“Barbados remains the Caribbean’s most attractive tourist and second- home destination. It has also become a place where wealthy people want to spend more than just the winter months. The opportunity to invest in a house or business and achieve residency is real. In the past five years, many high net worth families have become Barbadian residents.”
Barbados’ economy is well on the road to recovery. After 17 months in office, P.M. Mottley has improved our fiscal balance by some Bds $420 million. Property taxes have made a significant contribution to this recovery. This source of Government revenue has more than compensated for the reduction in Corporation Tax from 25% to 5%. Land Tax rates have increased but are still acceptable in the context of a government committed to improving all infrastructure and related facilities. For example, a house or condominium valued at US$1 million would pay an annual tax of US $6,935 (after a prompt payment discount of 5%) and a house valued at US$5 million would pay a discounted sum of US$44,935. The maximum land tax is capped at US$50,000.
Barbados remains the Caribbean’s most attractive tourist and second-home destination. It has also become a place where wealthy people want to spend more than just the winter months. The opportunity to invest in a house or business and achieve residency is real. In the past five years, many high net worth families have become Barbadian residents. Unlike several other Caribbean islands, Barbados does not offer a CIP or Citizen by Investment Programme. The difference is clear – Barbados offers residency as opposed to passports.
What Makes Barbados Attractive
Barbados has not suddenly emerged as the place to live. Much of what exists here is God-given. A compact 166 square miles of rolling land separating the Atlantic Ocean on the East coast from the
Caribbean Sea on the West coast. A constant North Easterly breeze sweeping over a lush landscape which the British kept as their ‘Jewel in the Crown’ for 340 years. It was a jewel that produced huge fortunes from the cultivation of sugar and rum and fuelled lavish lifestyles. Slave labour made all this possible and emancipation in 1837 left an uneven playing field, with one obvious opportunity to achieve upward mobility – education. Today, Barbados boasts one of the most educated and sophisticated populations (approx. 280,000) whose U.W.I campus is rated among the top 4% of universities globally.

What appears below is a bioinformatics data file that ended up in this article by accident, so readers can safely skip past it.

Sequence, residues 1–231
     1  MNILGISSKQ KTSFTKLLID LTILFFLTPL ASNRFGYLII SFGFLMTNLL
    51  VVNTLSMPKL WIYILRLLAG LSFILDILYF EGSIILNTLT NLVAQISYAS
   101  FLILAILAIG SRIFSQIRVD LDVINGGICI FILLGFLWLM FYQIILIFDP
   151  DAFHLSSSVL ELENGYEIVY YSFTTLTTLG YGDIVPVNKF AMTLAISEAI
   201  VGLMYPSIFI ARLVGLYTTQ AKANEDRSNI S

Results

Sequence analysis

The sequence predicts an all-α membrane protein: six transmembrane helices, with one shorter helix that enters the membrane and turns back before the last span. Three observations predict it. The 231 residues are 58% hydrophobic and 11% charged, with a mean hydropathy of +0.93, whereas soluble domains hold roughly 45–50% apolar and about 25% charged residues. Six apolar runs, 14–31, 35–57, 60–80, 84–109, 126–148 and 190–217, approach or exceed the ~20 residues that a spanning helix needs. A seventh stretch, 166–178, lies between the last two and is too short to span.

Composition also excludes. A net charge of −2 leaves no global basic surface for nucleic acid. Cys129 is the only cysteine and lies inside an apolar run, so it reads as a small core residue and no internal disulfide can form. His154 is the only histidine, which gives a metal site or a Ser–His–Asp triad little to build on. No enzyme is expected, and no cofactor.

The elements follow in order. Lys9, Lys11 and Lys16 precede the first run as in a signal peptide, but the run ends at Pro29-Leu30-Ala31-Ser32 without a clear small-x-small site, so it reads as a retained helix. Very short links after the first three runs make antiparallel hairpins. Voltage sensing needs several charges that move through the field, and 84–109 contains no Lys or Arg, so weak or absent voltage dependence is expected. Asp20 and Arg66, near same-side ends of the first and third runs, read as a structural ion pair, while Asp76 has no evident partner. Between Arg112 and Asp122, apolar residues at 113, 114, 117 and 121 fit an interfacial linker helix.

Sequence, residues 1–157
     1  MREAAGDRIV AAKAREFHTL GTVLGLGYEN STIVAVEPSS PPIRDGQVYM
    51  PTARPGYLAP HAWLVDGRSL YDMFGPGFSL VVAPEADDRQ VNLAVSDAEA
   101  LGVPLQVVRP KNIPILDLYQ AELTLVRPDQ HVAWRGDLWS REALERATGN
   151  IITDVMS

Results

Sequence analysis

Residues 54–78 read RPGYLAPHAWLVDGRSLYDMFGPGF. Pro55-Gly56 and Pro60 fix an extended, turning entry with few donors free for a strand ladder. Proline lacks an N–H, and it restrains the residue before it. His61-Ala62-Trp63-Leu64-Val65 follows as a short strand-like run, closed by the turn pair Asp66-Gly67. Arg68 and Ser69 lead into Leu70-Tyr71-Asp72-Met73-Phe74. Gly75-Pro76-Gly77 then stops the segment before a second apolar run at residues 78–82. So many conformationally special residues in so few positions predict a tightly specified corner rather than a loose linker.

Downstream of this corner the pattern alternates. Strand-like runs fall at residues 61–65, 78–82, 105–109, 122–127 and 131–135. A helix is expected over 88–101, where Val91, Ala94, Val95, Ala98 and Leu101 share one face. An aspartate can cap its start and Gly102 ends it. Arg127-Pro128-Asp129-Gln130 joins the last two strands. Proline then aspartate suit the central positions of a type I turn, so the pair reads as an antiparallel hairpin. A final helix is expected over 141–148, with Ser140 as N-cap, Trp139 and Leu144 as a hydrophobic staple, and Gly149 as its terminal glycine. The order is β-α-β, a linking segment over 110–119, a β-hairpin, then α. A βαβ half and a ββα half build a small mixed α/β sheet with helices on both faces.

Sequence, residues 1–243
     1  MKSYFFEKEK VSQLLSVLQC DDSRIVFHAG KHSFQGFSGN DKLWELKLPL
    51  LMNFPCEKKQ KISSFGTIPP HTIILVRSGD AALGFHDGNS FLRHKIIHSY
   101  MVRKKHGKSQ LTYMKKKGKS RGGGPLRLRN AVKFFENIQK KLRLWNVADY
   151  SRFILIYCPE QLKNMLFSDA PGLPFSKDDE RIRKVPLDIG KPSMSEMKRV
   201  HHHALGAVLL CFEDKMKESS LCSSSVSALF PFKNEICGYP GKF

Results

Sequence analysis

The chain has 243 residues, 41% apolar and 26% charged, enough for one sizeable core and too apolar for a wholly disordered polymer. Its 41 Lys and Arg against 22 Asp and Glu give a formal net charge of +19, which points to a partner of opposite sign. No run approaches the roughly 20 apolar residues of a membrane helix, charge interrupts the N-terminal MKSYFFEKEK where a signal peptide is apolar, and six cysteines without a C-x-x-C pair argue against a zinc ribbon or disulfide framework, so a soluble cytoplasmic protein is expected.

What an Independent Barbados inherited is today a coral island with infrastructural integrity and historical authenticity. There is a pride that binds all of the moving parts.
As a result, we recognize that today’s connected world allows business to be conducted from any point on the globe. The new approach is to stretch the imagination in making Barbados, even more, user friendly. Self-sustainability is at the tip of our leaderships’ tongues as we aim to drive electric vehicles and get rid of single-use plastics, use solar energy and improve the delivery of basic necessities such as water, health, power and housing.
Our P.M. spoke on climate issues at the U.N. in September. One statement that resounded was, “the fate and needs of 20% of the United Nations’ membership rests in the hands of major nations.” That concern extends to managing the limited land area of our island. We are therefore committed to development following a master plan. That is why our towns and cities have been identified as the key areas for new development to occur under the banner of ‘redevelopment’. Our capital city, Bridgetown, is a UNESCO World Heritage Site and the vision for that city starts with a futuristic image of its attached Carlisle Bay.
Foreign Investments and Real Estate
Our Central Bank’s foreign currency reserves, which measure our ability to pay for imports whether this be fuel, food or other items, stood at BDS. $1,225.6M or the equivalent of 15.6 weeks of imports as of September 2019. Receipts from tourism, our largest foreign exchange earner, stood at approx. BDS. $2.3 billion for the year 2018. In order for our economy to grow, foreign investments must play a key role in attracting capital inflows. Such investments, while creating employment, also improve and expand our capacity to attract more visitors and provide for our own citizens. It also serves as a way to maintain and regenerate our built and natural environment and to improve our infrastructure.